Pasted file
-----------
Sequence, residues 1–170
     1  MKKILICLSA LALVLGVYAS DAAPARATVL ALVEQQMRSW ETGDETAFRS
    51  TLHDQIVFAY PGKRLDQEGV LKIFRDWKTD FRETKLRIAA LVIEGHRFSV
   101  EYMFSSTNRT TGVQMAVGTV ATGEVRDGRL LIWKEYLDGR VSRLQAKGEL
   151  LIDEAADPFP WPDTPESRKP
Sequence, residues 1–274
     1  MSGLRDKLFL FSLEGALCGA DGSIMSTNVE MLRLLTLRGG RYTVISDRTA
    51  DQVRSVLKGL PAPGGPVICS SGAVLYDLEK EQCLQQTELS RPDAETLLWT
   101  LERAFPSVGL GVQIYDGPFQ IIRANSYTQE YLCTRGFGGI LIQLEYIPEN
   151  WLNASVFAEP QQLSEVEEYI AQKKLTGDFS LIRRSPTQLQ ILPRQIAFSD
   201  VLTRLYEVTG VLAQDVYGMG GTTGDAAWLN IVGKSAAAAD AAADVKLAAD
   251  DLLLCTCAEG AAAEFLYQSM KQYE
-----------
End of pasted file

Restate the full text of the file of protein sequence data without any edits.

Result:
Sequence, residues 1–170
     1  MKKILICLSA LALVLGVYAS DAAPARATVL ALVEQQMRSW ETGDETAFRS
    51  TLHDQIVFAY PGKRLDQEGV LKIFRDWKTD FRETKLRIAA LVIEGHRFSV
   101  EYMFSSTNRT TGVQMAVGTV ATGEVRDGRL LIWKEYLDGR VSRLQAKGEL
   151  LIDEAADPFP WPDTPESRKP
Sequence, residues 1–274
     1  MSGLRDKLFL FSLEGALCGA DGSIMSTNVE MLRLLTLRGG RYTVISDRTA
    51  DQVRSVLKGL PAPGGPVICS SGAVLYDLEK EQCLQQTELS RPDAETLLWT
   101  LERAFPSVGL GVQIYDGPFQ IIRANSYTQE YLCTRGFGGI LIQLEYIPEN
   151  WLNASVFAEP QQLSEVEEYI AQKKLTGDFS LIRRSPTQLQ ILPRQIAFSD
   201  VLTRLYEVTG VLAQDVYGMG GTTGDAAWLN IVGKSAAAAD AAADVKLAAD
   251  DLLLCTCAEG AAAEFLYQSM KQYE